Avocados Substituted for Opium Poppies in Karenni, Shan States

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Farmers say no government officials have come to see their agricultural project.

By KANTARAWADDY TIMES

Farmers who once cultivated poppies for opium in Karenni and southern Shan State have started to grow avocado plants as part of a substitution scheme.

One area testing out avocados is Yeenwe village tract, in southern Shan State’s Pekhon Township.

“These are long life plants. If the plants grow, we don’t need to invest much in them, and we can get regular earnings. They are also suitable for the weather in our area,” U Pang, a Yeenwe farmer, told Kantarawaddy now growing avocados.

According to campaigners who have surveyed the area, an estimated 60 percent of farmers in Yeenwe village tract grow poppies.

Saw Bo, who is ethnic Kayan, has been involved in introducing information about substitution crops in the area’s villages.

“Some villagers are hunters, some work in traditional weaving and craftsmanship. We can also grow chilies. But six or seven out of 10 people grow poppies,” he explained.

The Yangon-based Metta Foundation provided around 10,000 avocado plants as substitute crops for more than 200 acres of poppy farmland.

In August 2017, Khin Sithu—a parliamentarian for Karenni State’s Loikaw constituency—asked in the Lower House how the legislature might better help poppy farmers. Then deputy minister of home affairs Maj-Gen Aung Soe said that “socioeconomic development plans” would address this issue.

Yet according to community members, respective government officials and parliamentarians have not come to see the agricultural project in Yeenwe.

“No government officials have visited our area to see our substitute crops. Authorities used to destroy poppy plantations but they didn’t carry out surveys for substitute crops,” village elder U Tin Maung said.

Locals want the government to create a market so that they can sell their crops.

“Now we can produce raw materials, but we need a factory to produce value added products,” U Tin Maung said.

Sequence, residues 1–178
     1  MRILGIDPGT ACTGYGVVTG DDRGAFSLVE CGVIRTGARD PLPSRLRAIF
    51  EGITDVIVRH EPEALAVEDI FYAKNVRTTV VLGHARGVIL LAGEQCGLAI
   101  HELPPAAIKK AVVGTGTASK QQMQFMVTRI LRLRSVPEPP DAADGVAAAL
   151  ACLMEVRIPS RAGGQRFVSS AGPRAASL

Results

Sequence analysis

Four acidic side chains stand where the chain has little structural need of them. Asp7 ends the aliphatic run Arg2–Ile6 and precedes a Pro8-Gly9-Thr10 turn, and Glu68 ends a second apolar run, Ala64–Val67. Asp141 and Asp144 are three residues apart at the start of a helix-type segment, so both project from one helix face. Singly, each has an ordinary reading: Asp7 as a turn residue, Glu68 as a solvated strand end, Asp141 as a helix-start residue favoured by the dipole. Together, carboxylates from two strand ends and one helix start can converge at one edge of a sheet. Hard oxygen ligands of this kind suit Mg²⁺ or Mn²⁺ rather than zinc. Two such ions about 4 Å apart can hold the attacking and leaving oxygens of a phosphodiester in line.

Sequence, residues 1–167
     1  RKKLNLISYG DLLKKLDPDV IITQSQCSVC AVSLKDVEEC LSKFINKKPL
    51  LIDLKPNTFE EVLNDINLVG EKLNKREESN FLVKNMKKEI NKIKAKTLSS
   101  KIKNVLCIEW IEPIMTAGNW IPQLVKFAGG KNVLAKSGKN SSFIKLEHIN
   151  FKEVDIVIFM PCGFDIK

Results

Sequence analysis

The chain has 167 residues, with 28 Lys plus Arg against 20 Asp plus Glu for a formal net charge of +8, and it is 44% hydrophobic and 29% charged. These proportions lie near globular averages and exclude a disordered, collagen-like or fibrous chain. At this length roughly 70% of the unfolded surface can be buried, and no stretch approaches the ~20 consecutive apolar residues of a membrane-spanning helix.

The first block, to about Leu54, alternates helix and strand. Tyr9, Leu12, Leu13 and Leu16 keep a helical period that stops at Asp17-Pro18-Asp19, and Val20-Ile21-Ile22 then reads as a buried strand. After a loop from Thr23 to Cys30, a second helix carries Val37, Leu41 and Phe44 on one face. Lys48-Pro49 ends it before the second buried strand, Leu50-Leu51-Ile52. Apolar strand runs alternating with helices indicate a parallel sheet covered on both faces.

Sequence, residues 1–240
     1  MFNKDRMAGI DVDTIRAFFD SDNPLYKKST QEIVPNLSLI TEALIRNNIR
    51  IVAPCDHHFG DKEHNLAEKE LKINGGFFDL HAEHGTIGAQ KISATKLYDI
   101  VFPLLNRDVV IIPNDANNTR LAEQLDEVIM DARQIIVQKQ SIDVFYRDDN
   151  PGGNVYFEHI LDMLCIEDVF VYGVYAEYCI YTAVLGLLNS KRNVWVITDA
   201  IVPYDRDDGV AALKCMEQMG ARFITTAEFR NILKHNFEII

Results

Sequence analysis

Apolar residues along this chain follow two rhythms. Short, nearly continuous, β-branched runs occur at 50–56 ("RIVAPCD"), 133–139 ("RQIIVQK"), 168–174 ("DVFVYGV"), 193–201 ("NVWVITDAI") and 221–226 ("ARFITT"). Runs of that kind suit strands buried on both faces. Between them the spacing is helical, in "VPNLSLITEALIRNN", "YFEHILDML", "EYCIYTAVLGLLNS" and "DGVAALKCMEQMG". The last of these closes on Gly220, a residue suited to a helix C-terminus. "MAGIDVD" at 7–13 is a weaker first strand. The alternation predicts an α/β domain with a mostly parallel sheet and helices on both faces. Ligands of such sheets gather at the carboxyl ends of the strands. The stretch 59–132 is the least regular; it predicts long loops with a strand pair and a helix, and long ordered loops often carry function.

According to Saw Bo, if there is greater support for farmers, then the reliance on poppy plantations will decrease.

“The government must help farmers grow substitute crops for poppies. If government won’t provide assistance, the process will be difficult,” Saw Bo said.

- Advertisement -

Farmers say no government officials have come to see their agricultural project.

By KANTARAWADDY TIMES

Farmers who once cultivated poppies for opium in Karenni and southern Shan State have started to grow avocado plants as part of a substitution scheme.

One area testing out avocados is Yeenwe village tract, in southern Shan State’s Pekhon Township.

“These are long life plants. If the plants grow, we don’t need to invest much in them, and we can get regular earnings. They are also suitable for the weather in our area,” U Pang, a Yeenwe farmer, told Kantarawaddy now growing avocados.

According to campaigners who have surveyed the area, an estimated 60 percent of farmers in Yeenwe village tract grow poppies.

Saw Bo, who is ethnic Kayan, has been involved in introducing information about substitution crops in the area’s villages.

“Some villagers are hunters, some work in traditional weaving and craftsmanship. We can also grow chilies. But six or seven out of 10 people grow poppies,” he explained.

The Yangon-based Metta Foundation provided around 10,000 avocado plants as substitute crops for more than 200 acres of poppy farmland.

In August 2017, Khin Sithu—a parliamentarian for Karenni State’s Loikaw constituency—asked in the Lower House how the legislature might better help poppy farmers. Then deputy minister of home affairs Maj-Gen Aung Soe said that “socioeconomic development plans” would address this issue.

Yet according to community members, respective government officials and parliamentarians have not come to see the agricultural project in Yeenwe.

“No government officials have visited our area to see our substitute crops. Authorities used to destroy poppy plantations but they didn’t carry out surveys for substitute crops,” village elder U Tin Maung said.

Locals want the government to create a market so that they can sell their crops.

“Now we can produce raw materials, but we need a factory to produce value added products,” U Tin Maung said.

According to Saw Bo, if there is greater support for farmers, then the reliance on poppy plantations will decrease.

“The government must help farmers grow substitute crops for poppies. If government won’t provide assistance, the process will be difficult,” Saw Bo said.

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